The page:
Yesterday, I shared with you a view of the wonderful Tuscan hill town of Volterra, looking over the roofs toward the valley. Another wonder from this city is the Roman theater that sits just outside the old town walls.
This theater was not discovered until the 1950s, when local economist Enrico Fiumi gained permission to perform a test dig near the soccer field, where he theorized the existence of a Roman theater. With the help of patients of the local psychiatric hospital that he directed, he excavated a small section to find fragments of columns and a young head of Augustus
It took another 10 years to gain permission for the rest of the excavation, which resulted in a beautiful example of a theater, including the scaenae frons, which is the backwall behind what would have been a wooden stage.
This is a great location to visit, and it should be noted that the ticket also gives you admission to the Etruscan excavation on the other side of town (a 5-10 minute walk).
This image series was captured with my Fujifilm X-T1 using a Fujifilm XF18-135mm f/3.5-5.6 LM OIS WR lens. Exposure settings for the series of images were at 1/150-1/600 second, f/9 at 800 ISO. They were processed using Photomatix Pro.
A Fresh Perspective
Photography is more than just a vehicle for capturing the world around me; it provides me with a palette and a set of brushes, with which I paint not only what I see, but also look to express the emotions that are evoked by the scene in front of me in that moment.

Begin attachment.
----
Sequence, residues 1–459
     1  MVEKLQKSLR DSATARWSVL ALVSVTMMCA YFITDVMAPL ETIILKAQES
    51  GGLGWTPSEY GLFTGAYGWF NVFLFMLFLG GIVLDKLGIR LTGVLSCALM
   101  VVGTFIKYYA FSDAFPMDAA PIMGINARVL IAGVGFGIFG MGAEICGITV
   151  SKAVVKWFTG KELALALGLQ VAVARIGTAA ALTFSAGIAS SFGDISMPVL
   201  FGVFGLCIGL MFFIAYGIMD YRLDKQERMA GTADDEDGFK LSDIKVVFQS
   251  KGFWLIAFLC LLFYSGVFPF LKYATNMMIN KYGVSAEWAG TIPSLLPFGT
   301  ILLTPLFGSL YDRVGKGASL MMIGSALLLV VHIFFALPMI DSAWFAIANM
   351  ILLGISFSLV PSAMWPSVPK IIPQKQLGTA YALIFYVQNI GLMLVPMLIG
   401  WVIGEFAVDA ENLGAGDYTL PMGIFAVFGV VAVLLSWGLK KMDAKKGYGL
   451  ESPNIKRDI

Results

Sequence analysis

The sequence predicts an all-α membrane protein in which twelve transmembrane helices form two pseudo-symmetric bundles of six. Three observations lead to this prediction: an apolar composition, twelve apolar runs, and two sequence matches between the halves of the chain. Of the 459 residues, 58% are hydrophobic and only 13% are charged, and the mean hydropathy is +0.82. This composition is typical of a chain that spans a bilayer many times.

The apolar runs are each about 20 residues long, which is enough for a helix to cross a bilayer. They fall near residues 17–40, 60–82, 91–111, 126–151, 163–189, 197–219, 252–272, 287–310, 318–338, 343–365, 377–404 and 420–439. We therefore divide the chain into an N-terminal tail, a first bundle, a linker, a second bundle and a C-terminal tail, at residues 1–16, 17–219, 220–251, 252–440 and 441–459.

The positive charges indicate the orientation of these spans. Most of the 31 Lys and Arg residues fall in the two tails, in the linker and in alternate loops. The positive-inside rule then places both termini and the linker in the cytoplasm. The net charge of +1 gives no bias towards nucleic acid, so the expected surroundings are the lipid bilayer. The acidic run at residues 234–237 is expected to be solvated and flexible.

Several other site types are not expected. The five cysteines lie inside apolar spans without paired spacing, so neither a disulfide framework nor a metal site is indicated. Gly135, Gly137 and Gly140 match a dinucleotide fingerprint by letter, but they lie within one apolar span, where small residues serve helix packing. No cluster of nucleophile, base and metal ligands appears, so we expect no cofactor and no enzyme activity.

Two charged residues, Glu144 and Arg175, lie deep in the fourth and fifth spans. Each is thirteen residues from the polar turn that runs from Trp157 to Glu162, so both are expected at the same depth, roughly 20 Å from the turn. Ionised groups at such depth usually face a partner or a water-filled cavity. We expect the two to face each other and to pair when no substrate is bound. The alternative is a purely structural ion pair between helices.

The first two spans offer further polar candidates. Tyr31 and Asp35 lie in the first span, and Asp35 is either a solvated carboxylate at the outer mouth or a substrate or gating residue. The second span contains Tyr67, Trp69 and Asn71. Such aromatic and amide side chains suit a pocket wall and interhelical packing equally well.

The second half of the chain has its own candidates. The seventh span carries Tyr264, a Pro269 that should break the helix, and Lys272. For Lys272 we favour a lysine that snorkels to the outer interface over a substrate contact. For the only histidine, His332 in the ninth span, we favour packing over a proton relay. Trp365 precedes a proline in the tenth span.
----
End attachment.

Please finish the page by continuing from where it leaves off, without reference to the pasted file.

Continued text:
Growing up in the Netherlands exposed me to a wide cross-section of visual arts that laid the foundation of my photographic view of all that surrounds me. Early influences were the Dutch Masters of the 17th century, to whom I was introduced by my grandfather during museum explorations; favorites among them are the scenes of quotidian life depicted by Jan Steen and Frans Hals and the vivid landscapes of Jacob van Ruisdael.
My classical high school education was supplemented by the Boijmans Van Beuningen museum, where I spent many a lunch hour exploring its great collection. Here I was introduced to surrealism with a particular love for the approach taken by Salvador Dali; Dali also rekindled my appreciation for the work of Hieronymus Bosch, who often showed the folly of us mortals.
My approach to any photographic subject is to look for understanding first; in this I look to establish either a connection between the viewer and the subject or capture the connection of the subject with its surroundings. The captured image then aims to portray this connection from a perspective that is part of my personal interpretation.
This interpretation is often a form of externalized introspection, which may alternately display the connection of isolated beings and items with their environment or highlight the whimsy of the profound world, in which we find ourselves. The universe is full of connections, many of which are waiting to be discovered; part of my journey as a photographer is to document these connections.
Any assignment, be it an event, a product shoot or a portrait session is always approached through communication with the client; this is where the first connection is established. Ideas are exchanged and a collaborative plan of action forms, ultimately resulting in a set of images that aim to exceed the expectations of each client.
And, lest we forget, it is important to have fun while practicing the serious business of photography!
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4 thoughts on “Roman Theater in Volterra”
It definitely is!
New travel destination found!